July 16, 2014
Not five months out from its launch this March, the right-leaning literary website Liberty Island recently earned a logic-impaired hate note from the fiction editor of the Washington Post himself, Ron Charles.
Charles apparently thinks he can defang the idea that the orthodox left is strangling other viewpoints out of literary discourse by ridiculing things that nobody at Liberty Island has in fact said.
He quotes a National Review piece in which Adam Bellow, Liberty Island’s CEO and president, writes:
“Conservatives should remember that mainstream popular culture is still largely driven by books. … Fiction therefore is and will remain the beating heart of the new counterculture.”
And I swear, this disconnected attempt at a lampoon was Charles’s retort:
So true. Everybody knows that Brooklyn novelists pull the strings in America. Jonathan Safran Foer pretty much single-handedly pushed Obamacare through the Senate.
Note the crafty change of subject: neither “culture” nor “counterculture” had the ability to put bills through the U.S. legislature the last time I took a civics class. But privileged and ideologically correct NYC novelists and editors do pull the strings in book culture, which is what Bellow is talking about”the very subject Charles is disingenuously avoiding.
Liberty Island has collected links to a flurry of similar, groupthink-approved dismissals of the need for literary alternatives”several of which, ironically, ridicule out of hand the idea that groupthink-approved dismissal of literary alternatives exists. Bellow is himself an editor (and Saul’s son), leading several in the crowd to caw that he is the establishment; never mind that he founded the site not to promote his own writing but that of the neglected authors he seeks out.
David Bernstein, Bellow’s partner at Liberty Island, despairs of reasoning with the intellectual bankruptcy that results when people dehumanize their ideological foes: “The key,” he tells me, “is to go around these gatekeepers and speak with people directly. That’s where fiction is such a critical tool”almost everyone loves a great story, no matter how you feel about the underlying politics.”
Great stories: this is where a couple of those snide swipes touch on a viable point, or what would have been one a generation ago. If the culture wars were being fought even a tad less bitterly, Liberty Island would be a bad idea, aesthetically speaking.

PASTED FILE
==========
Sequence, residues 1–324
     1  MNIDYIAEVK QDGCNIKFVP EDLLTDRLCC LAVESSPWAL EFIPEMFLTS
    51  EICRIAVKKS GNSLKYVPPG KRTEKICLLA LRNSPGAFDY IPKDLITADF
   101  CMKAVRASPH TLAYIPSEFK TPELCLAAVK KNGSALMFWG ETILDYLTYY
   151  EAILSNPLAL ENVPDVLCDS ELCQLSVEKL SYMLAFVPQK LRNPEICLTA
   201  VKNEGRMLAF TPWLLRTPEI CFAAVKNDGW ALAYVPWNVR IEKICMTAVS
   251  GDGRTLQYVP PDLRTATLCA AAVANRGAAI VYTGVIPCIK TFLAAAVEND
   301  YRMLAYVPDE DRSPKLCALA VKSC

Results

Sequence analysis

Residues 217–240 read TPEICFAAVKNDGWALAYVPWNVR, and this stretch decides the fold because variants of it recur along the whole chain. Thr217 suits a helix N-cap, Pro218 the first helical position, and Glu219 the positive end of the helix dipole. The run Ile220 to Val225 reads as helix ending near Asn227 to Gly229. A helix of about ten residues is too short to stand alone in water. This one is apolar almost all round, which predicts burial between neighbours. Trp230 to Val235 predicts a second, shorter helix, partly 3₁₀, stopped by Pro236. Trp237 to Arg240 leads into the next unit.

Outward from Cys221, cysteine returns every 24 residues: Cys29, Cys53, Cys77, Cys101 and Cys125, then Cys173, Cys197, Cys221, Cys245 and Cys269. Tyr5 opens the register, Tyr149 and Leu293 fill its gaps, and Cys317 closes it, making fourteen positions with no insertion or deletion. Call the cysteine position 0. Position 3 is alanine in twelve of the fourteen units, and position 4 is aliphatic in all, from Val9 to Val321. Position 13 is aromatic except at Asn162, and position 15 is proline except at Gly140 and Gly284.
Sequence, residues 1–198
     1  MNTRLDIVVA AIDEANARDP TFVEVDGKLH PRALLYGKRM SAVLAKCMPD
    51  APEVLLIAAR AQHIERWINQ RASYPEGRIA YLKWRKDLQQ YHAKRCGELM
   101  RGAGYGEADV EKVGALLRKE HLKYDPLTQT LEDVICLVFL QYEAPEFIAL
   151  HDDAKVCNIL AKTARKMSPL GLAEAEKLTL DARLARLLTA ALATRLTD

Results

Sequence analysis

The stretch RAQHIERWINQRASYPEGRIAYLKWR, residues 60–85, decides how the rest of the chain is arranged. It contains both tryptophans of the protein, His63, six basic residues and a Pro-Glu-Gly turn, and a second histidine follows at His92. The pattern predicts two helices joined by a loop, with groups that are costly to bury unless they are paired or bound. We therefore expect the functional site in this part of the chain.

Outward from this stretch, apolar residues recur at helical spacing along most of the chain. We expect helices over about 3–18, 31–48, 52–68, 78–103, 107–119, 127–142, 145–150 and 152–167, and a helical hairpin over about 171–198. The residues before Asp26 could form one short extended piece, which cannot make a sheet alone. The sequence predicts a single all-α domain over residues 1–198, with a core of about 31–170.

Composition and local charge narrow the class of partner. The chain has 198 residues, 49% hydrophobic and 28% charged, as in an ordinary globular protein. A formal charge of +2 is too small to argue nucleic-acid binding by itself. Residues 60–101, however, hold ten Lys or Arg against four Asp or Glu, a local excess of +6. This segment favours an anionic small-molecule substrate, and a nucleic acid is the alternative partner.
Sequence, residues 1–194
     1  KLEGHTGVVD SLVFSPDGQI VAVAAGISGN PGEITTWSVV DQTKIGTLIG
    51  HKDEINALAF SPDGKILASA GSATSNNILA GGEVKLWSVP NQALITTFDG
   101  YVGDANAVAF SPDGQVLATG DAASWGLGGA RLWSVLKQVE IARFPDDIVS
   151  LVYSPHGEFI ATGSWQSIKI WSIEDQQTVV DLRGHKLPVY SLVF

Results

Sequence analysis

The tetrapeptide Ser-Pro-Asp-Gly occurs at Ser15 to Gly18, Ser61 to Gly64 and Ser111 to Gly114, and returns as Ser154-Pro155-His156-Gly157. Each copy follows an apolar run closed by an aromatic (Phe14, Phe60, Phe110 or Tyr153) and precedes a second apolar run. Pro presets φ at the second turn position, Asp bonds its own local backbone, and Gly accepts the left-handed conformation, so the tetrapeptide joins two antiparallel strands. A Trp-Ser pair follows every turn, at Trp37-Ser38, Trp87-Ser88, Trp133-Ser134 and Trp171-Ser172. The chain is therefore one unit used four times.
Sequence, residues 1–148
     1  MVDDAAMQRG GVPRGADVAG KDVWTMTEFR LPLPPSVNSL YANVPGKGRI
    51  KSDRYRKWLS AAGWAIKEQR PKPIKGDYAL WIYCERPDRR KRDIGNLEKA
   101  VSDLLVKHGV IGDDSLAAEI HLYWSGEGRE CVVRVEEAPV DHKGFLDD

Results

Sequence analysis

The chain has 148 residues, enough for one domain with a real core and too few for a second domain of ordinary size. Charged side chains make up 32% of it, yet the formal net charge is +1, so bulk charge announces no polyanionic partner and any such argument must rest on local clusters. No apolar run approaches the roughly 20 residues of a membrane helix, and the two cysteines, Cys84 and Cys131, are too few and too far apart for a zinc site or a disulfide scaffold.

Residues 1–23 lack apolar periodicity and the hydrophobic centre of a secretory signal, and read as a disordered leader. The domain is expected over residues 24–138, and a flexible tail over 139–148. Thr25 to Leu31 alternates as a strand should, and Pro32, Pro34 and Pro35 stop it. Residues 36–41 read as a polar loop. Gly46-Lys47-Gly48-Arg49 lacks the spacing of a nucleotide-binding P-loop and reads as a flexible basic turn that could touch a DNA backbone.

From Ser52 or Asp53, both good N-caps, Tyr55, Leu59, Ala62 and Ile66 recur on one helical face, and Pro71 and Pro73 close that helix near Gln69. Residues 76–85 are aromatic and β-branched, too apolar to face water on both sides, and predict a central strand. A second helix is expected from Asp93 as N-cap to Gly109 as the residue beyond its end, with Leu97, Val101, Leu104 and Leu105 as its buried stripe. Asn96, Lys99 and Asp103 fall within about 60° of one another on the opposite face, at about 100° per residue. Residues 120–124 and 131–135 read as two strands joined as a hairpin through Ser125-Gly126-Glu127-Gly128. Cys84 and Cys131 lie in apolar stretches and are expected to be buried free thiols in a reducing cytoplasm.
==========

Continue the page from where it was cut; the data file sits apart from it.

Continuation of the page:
I get no joy from fiction that’s mangled by a political preoccupation”or by any ax the author can”t quit grinding. Great stories examine a human milieu or endeavor in all of its flawed, glorious, and preposterous facets, not through the single lens the author’s got clutched in his white-knuckled grip.
On the other hand, one’s worldview inevitably flavors one’s writing. Within living memory, writers of various philosophical backgrounds used to be accepted as part of the general culture, and fiction was fiction: a story, not a morality play.
But now the literary establishment rewards only stories that do grind an approved ax, and you only get two choices: a thick left-handled one, or a blander, subtler Iowa-school model with a CIA-approved bourgeois realist blade. (No jokes about my tinfoil hat till you”ve clicked on that link.) If your thinking is wrong, you can self-publish on Amazon till you”re blue in the face”but good luck getting a mention in the New York Review of Books, or even the Onion. They will be none the sadder if you drown in obscurity.
And if you think you can tailor your work to fit the “general culture,” there’s no such thing left to appeal to. As Bernstein says, “Books are following the general trend of other types of media; audiences are shunted into silos where they basically don’t see content that is meant for a different demographic. Liberals and conservatives don’t see the same news, or read the same books; Millennials and Boomers don’t watch the same TV shows, or even the same channels; black audiences and white audiences don’t even go to see the same movies. … There is no longer a common shared language through which we can all talk about American culture. It makes understanding between groups very difficult.”
It also makes things difficult for publishers and authors, who must settle for catering to their silos, or else face the nobler and insanely failure-prone task of rebuilding a general discourse.
“For right now,” says Bernstein, “we’re happy building awareness in the conservative and libertarian worlds, helping out struggling authors in that world and exposing them to like-minded audiences.” The website is meant to serve as a hub, salon, and branding aid for authors who are otherwise relegated to the anonymous soup of self-publishing.